What alone can stop the Union government in its tracks could be, in addition to the protests, a new form of civil disobedience rarely, if ever, seen anywhere in the world. This is the federal pushback from state governments. The Union government can perhaps implement the CAA directly through its own bureaucracy. But, it cannot implement either the NRIC or the NPR unless state governments make available their staff for the massive operation which involves house-to-house collection of information.

It will be remembered that political parties in India, except the Left and a few others, did not display the consistent moral and political commitment required to defend the Republic and its constitutional morality at a time when they were most gravely threatened. Instead, they hedged, compromised and voted in support of the amended law for immediate petty political bargain. It was only after the utterly unexpected national protests that one by one non-BJP state governments (even the Bihar government of which it is a part) announced that they would not implement the NRIC.

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There is still a danger of states not blocking the NPR, accepting on face value the Union government’s claim that the NPR is not connected with the NRIC. This is again a brazen official falsehood. The amendment to the citizenship law under the BJP government in 2003 laid the foundations for what is unfolding today. It laid down that a person cannot become an Indian citizen, even if born in India, if one parent is declared an “illegal citizen”. Further, to identify “illegal citizens”, an NRIC would be prepared. The rules under the Act then lay down that, first, the NPR would be prepared as a comprehensive national record of residents, and from among them, the executive would identify those who are “doubtful citizens”; even other citizens could identify “doubtful citizens”. This opens the doors for a frightening kind of communal targeting by even the lower executive and communal organisations which even the Assam NRC rarely gave space for.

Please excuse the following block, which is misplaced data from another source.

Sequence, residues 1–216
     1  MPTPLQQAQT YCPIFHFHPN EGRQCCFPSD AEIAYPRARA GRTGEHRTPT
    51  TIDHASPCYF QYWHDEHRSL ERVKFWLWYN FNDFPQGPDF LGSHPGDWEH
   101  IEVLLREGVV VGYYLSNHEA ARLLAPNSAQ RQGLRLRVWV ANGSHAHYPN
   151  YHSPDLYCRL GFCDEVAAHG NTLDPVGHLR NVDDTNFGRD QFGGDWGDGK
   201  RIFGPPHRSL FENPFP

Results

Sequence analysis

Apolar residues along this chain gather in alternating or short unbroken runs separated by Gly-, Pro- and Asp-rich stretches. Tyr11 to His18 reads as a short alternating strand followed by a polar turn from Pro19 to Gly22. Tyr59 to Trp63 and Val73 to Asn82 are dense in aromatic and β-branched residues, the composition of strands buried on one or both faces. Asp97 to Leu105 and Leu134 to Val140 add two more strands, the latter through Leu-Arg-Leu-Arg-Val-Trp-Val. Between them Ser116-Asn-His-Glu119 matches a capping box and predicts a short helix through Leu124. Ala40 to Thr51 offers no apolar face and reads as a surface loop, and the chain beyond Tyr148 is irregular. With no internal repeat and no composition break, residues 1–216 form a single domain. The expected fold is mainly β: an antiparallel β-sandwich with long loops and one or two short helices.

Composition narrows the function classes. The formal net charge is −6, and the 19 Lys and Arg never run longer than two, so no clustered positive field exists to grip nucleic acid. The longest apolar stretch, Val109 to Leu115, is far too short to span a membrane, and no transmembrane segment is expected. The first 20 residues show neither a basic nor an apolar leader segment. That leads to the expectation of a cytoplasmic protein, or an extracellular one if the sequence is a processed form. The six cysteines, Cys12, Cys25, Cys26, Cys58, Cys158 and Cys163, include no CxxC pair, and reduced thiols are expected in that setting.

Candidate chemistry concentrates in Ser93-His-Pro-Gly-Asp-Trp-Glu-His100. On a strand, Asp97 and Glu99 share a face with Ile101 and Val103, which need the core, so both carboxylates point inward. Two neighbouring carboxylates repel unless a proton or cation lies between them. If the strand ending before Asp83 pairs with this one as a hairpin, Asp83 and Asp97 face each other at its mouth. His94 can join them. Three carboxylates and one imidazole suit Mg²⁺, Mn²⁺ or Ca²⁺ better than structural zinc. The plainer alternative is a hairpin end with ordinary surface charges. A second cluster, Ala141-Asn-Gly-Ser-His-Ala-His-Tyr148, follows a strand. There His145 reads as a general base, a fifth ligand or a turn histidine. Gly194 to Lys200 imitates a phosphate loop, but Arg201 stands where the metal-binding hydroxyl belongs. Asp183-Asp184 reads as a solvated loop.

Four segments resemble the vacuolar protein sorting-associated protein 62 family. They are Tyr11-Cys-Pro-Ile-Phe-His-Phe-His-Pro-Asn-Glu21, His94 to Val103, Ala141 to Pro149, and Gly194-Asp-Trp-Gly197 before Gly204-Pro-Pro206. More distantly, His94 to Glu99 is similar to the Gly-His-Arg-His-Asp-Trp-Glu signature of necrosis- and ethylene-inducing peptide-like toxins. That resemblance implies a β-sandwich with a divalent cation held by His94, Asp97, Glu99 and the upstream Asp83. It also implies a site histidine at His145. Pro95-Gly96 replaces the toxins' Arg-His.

If state governments still permit the NPR, they will, in effect, permit a process of communal targeting that will cause catastrophic suffering, the potential disenfranchisement of millions of Indian Muslims, and a permanent dismembering of social harmony and justice. There can be no greater betrayal by them of the Constitution. Following the example of the Kerala government, they must approach the Supreme Court for repeal of not just the CCA, but also of the amendments brought in 2003 which provide for the NRIC and the NPR. If these are not struck down, the only path before them is to disobey the Union government, and invite even dismissal as the cost of not permitting the destruction of the Constitution.

This will be unprecedented, and will doubtless create a constitutional crisis. But, paradoxically, it is only by creating such a constitutional crisis that the Constitution can be rescued from what would otherwise be a fatal blow to its foundational morality.

This article first appeared in the print edition on January 31, 2020 under the title “Rescuing the Republic”

Mander is a human rights worker and writer.